NOTE: This piece contains spoilers for Batman: The Enemy Within.

Batman: The Enemy Within kicked off on a high note thanks to a show-stealing debut by the Riddler. Besides being a cool interpretation of the classic foe his conundrums provided among the most enjoyable gameplay offerings of the season. Turns out puzzles were a perfect fit for a narrative adventure game. Unfortunately, that fun would be short lived; Nigma met an unexpected demise at the end of Episode 1. Having played subsequent episodes I have one question: what on earth was Telltale thinking getting rid of him so quickly?

Riddler is the perfect antagonist to center a Batman adventure game around. Puzzles have always been a key staple of the genre. As classic point-and-click games have proven, it’s possible to design varied, interesting brain-teasers around limited controls. Considering puzzles aren’t just Riddler’s bread and butter but his entire bakery and dairy farm, riddle me this: why wouldn’t Telltale run with him as far as they can?

The Enemy Within’s first installment, The Enigma, featured entertaining riddles that spiced up the rote gameplay. I won’t pretend they were the cleverest, most elaborate puzzles ever conceived. However, I’ll easily take collaborating with Jim Gordon to unravel Nigma’s booby-trapped hideout over swiping left to throw a jab. Combat has never been–and will likely never be–Telltale’s strong suit. Challenging the player’s wits and intelligence with over-the-top puzzles would seem more up their alley.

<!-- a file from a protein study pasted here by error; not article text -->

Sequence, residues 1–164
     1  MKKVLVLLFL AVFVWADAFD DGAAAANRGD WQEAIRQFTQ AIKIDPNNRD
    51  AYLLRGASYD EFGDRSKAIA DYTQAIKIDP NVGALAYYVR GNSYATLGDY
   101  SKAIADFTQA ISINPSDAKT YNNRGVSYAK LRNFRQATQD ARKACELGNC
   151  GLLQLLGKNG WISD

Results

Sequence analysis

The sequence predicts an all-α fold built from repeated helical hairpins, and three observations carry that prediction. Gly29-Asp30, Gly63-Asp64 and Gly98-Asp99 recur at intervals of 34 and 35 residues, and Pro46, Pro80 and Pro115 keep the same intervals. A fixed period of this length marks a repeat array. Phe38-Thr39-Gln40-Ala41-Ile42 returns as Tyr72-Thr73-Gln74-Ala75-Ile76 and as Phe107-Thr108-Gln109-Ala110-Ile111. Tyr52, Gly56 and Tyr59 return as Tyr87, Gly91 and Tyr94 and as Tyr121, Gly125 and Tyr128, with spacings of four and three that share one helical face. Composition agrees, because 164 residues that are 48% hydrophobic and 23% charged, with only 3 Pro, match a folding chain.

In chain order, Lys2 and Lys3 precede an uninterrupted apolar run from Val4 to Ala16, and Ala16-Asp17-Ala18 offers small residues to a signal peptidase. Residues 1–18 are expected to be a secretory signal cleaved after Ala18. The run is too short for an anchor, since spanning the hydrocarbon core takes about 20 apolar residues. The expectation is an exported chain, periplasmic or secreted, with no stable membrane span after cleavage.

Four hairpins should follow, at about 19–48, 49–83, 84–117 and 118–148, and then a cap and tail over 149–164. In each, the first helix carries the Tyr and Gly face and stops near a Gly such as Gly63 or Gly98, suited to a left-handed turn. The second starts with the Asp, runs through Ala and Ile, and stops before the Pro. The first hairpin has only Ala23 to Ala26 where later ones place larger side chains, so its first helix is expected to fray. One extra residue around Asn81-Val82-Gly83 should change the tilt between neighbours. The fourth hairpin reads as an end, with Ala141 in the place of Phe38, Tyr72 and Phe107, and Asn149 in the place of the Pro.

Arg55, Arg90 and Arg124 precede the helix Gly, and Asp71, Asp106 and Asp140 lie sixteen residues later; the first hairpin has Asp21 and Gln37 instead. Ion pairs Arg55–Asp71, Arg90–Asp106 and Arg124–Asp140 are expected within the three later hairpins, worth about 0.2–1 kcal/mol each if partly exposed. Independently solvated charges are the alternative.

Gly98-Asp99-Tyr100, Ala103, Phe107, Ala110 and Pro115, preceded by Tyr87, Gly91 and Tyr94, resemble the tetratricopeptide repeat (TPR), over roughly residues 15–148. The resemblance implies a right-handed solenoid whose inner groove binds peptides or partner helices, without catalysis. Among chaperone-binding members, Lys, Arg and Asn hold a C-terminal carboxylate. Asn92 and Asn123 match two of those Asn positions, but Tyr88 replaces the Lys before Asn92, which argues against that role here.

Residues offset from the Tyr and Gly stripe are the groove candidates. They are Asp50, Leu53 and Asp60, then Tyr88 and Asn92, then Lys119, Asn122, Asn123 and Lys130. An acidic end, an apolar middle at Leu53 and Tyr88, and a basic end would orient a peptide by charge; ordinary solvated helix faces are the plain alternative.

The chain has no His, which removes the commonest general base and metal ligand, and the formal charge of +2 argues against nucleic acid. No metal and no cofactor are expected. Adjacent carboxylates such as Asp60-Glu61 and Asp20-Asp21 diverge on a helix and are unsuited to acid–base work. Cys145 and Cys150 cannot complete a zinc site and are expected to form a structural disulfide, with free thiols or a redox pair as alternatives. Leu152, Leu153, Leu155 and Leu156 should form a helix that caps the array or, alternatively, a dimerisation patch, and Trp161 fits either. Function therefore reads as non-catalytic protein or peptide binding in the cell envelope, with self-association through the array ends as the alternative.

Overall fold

Batman The Enemy Within Riddler

Telltale managed to squeeze a good deal of ideas out of Riddler’s single outing. Batman escaped a Saw-esque death chamber, solved a puzzle box, and played a tense game of Sophie’s Choice. All of those segments felt different from one another and demonstrated potential for grander challenges down the line. Ever since Riddler bit the dust, gameplay has yet to hit similar high points in subsequent episodes. Bland investigations (the few that still exist) and the simplistic combat simply don’t measure up to what he brought to the table. 

The remaining villains’ modus operandis don’t allow for the same level of imagination or variety for confrontations. How do you take down Bane? Punch him in the face. Mr. Freeze? Besmirch his popsicle wife, then punch him in the face. Harley Quinn? Somewhat begrudgingly punch her in the face (I like Harley quite a bit). Tackling Riddler can entail several things, as evidenced by the myriad of challenges Rocksteady concocted around the character in their Arkham series. Plus the reward of pummeling the egomaniac after besting his trials throughout multiple episodes would have been immensely satisfying.

It says something that the standout gameplay segment of the most recent episode, Fractured Mask, is a leftover puzzle courtesy of our dearly departed Edward Nigma. It reminded me of how impressed I was with the initial installment. This (probably) final riddle also made me think what could have been had Riddler been left alive to run the show. How more complicated. sadistic, or creative could his challenges have become? That’s a tantalizing riddle I’m left to ponder in disappointment. 

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